The lower you go down on a trampoline, the higher you go into the air. Perhaps this dynamic of one extreme begetting another is at play in the heating up of opinions on assisted suicide. I think the more that technology allows life to be extended at all costs (literally and figuratively), the less we feel in charge of our final days. Hellish stories abound of health professionals keeping people alive by tortuous procedures who cannot communicate their potential wish to discontinue them. In other words, it is coercion. But assisted suicide can involve coercion as well.
I think fear fuels both extremes. The futile treatments and withholding of pain medications which may shorten life is about the fear of death, whether originating from the one dying or their loved ones. It is an attempt to escape the fear rather than letting the person die. But the wish to legalize assisted suicide stems from the fear of facing the remaining days of a life so dreadful that it would be worse than death.
There is a middle ground despite the vested interests of some institutions and health care professionals to keep it hidden. There is an alternative to actively prolonging life or finding an escape clause in a death ahead of schedule. Rather than work to ban one extreme or the other, I think our efforts should be to make that middle ground so attractive that patients and their families will resort to the extremes less and less. (I feel the same way about abortion. I am not in favor of banning it. Instead, society should make alternatives available and attractive. In both cases, assisted suicide and abortion, I am talking about incentivizing life.)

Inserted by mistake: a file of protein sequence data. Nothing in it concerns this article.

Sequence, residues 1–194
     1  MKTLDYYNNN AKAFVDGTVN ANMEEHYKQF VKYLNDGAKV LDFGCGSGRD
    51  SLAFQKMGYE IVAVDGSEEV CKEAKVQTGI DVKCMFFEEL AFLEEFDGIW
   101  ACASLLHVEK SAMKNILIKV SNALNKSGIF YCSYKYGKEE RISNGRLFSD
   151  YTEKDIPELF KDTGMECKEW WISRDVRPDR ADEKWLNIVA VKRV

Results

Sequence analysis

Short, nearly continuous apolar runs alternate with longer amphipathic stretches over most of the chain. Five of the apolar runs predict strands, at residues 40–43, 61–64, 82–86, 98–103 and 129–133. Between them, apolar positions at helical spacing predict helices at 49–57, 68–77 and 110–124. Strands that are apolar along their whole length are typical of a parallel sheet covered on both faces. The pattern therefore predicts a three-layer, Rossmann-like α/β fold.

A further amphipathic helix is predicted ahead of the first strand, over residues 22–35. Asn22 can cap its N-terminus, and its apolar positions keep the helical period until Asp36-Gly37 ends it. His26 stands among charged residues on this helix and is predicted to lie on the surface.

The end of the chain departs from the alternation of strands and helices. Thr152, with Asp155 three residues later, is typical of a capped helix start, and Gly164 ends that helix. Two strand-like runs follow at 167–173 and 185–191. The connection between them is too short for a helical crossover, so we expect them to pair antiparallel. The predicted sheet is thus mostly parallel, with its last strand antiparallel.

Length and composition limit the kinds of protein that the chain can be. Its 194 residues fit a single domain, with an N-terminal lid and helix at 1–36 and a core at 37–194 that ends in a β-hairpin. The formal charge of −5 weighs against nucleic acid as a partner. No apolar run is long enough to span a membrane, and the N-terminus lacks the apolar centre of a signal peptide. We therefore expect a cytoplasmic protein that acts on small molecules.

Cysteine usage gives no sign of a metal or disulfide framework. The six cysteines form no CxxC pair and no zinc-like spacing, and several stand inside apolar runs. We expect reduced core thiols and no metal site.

While not a cure-all so to speak, hospice is that middle ground. How ironic that uninformed individuals think that going on hospice means “giving up.” I never have heard anyone refer to assisted suicide that way. If someone contemplating assisted suicide is reading this, then can you at least “give hospice a try” before going the “nonrefundable” route? See what the nurse can do about pain. See what the social worker and chaplain can do about feelings of guilt and depression regarding emotionally and financially depleted caregivers. See what the whole hospice team can do to join your search for any potentially remaining sources of meaning. Some unexpected reason for living may turn up. As for the other extreme, hospice is the gateway to appropriate pain relief such as morphine that other types of care preclude due to fear of legal consequences, addiction (obviously an irrelevant concern for terminal patients), or ignorance. It is also a safeguard against “treatments” that increase or prolong suffering. Not only are many if not all such treatments not allowed in order for patients to remain on hospice, the hospice team is available to address their or their loved one’s fears behind the desire to pursue such treatments.
As with any fears, the more we lay them bare, the more each of us will restore control of our destiny.